National anthem controversy has little effect on Super Bowl advertising

Release time:  2018-01-29 Release source:  WOWT author:  ADNose browse:  695

Despite controversy surrounding kneeling during the national anthem, advertising for the Super Bowl seems to have not been affected, according to Creighton advertising professor.

The start of the season was filled with contention as several players kneeled in solidarity during the national anthem, thus causing controversy.

Despite all the talk, though, local experts tell 6 News, it doesn't seem to have much of an effect on advertising for the big game.

"Football is football," advertising professor at Creighton University Jeff Maciejewski said. "Sunday night football, Thursday night football, Saturday night football, whatever night football has proven to be at the top of the ratings for quite some time now, and that hasn’t changed. Given all the controversy, it still seems people aren’t really willing to give up on football.”

Maciejewski has been studying advertising interest for the game and found some advertisers backed out. Notably, Clorox, GoDaddy and Wonderful Pistachios won't have Super Bowl ads, but Maciejewski said the companies didn't say it was because of the controversy.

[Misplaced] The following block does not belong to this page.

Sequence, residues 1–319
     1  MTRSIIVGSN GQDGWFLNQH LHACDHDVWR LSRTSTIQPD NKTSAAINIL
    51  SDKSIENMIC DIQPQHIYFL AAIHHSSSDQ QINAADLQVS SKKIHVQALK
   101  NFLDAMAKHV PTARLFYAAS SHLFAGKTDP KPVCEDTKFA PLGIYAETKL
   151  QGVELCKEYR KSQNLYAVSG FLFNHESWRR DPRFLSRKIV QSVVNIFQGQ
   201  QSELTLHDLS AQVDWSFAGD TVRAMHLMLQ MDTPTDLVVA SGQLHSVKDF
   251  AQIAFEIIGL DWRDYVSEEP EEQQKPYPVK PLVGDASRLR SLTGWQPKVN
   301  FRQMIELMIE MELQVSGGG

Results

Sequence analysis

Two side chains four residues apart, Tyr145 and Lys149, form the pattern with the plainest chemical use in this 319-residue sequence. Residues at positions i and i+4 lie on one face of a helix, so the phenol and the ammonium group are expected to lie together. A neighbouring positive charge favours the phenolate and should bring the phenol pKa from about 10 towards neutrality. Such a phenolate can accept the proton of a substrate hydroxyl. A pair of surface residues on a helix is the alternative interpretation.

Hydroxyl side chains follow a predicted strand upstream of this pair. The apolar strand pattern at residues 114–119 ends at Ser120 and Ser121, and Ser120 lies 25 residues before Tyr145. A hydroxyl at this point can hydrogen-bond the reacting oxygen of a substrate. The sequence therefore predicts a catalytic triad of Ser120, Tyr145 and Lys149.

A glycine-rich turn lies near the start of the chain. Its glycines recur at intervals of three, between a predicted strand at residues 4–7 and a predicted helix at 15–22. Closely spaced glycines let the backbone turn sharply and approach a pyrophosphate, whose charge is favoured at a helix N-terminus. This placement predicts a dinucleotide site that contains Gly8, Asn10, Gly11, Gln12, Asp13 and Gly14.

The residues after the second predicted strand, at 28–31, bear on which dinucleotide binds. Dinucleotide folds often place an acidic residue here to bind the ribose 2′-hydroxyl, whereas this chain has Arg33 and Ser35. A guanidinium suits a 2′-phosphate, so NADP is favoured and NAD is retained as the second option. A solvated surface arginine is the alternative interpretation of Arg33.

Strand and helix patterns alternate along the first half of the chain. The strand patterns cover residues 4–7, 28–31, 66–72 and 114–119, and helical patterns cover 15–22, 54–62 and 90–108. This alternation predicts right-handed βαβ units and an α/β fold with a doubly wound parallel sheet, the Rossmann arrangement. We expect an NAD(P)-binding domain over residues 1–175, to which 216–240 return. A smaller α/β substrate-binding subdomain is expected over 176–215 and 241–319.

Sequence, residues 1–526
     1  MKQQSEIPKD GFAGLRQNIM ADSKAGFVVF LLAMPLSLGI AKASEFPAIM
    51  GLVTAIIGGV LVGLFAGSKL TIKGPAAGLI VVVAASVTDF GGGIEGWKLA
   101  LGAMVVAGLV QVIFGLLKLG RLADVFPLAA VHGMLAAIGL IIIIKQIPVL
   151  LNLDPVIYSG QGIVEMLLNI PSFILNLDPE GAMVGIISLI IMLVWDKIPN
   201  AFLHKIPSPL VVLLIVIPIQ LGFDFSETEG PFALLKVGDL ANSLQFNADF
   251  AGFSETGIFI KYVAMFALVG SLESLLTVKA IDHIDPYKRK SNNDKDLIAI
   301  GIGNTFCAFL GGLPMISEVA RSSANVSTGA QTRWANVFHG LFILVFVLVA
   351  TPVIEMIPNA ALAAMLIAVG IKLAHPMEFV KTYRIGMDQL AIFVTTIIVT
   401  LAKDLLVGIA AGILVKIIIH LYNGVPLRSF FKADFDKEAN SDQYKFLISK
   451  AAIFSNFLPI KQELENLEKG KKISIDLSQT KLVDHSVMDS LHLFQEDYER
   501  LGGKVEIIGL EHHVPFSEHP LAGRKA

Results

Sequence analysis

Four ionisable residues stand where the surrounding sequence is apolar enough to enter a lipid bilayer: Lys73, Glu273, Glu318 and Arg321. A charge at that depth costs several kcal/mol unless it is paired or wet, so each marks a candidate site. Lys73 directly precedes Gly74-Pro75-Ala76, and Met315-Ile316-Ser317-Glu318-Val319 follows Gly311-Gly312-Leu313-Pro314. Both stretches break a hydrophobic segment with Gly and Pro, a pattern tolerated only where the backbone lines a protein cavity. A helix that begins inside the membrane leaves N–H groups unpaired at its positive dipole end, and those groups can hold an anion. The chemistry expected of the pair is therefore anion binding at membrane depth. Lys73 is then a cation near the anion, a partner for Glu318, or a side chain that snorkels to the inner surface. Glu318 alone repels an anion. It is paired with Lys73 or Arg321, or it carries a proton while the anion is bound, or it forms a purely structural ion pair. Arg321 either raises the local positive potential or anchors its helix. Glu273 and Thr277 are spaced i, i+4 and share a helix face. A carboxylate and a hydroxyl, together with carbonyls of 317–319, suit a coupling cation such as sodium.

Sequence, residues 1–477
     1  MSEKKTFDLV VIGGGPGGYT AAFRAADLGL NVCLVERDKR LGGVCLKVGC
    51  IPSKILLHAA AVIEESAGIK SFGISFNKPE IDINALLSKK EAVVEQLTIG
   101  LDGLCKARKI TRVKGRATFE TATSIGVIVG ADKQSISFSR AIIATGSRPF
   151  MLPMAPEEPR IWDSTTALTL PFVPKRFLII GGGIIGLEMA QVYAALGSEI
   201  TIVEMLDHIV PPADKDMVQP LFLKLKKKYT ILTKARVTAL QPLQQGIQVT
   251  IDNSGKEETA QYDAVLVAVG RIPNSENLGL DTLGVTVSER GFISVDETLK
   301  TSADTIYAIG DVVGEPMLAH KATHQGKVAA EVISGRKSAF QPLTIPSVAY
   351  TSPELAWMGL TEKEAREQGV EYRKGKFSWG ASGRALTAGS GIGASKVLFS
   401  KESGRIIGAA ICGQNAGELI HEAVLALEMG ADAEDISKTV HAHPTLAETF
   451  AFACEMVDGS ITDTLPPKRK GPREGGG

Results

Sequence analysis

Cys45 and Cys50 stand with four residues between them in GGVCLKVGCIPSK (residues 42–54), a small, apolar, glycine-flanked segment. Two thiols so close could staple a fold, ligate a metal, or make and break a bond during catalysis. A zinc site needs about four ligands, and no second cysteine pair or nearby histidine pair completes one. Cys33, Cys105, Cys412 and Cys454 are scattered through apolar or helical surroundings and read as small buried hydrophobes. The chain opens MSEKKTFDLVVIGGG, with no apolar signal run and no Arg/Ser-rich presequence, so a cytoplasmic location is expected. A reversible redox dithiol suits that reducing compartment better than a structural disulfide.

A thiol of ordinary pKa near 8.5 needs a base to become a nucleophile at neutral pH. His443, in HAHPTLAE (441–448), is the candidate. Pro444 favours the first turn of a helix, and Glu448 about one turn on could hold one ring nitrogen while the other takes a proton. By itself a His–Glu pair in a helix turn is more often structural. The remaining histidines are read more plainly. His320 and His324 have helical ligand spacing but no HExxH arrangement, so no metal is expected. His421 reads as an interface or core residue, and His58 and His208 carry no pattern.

What might make ads more appealing this year is the fact NBC is also the home for the Winter Olympics, so the network created advertising bundles.

"If advertisers might have been on the fence as to whether or not they wanted to plop down $5 million for a 30 second spot, being able to get bundled in with the Winter Olympics might just pushed them over the edge and said, ‘Okay, well now we can justify it from an economic perspective,'" Maciejewski said.

Advertising, though, has become difficult, according to Maciejewski. Many advertisers need to keep the attention of consumers, and they're doing so by rolling out "teaser" ads to entice viewers to find out more during the game.

For example, Skittles has rolled out several commercials about a Super Bowl ad they'll only show to one person, leaving viewers to wonder what the real ad is and what they're going to do during the game.

"The one-off Super Bowl ad is really the thing of the past, so they take that 30 second ad now and run it wherever they possibly can and even do a great job of building suspense for those spots," Macijewski said.

Until then, advertising experts will be playing the waiting game to see just how much of an impact the year's most anticipated commercials will have.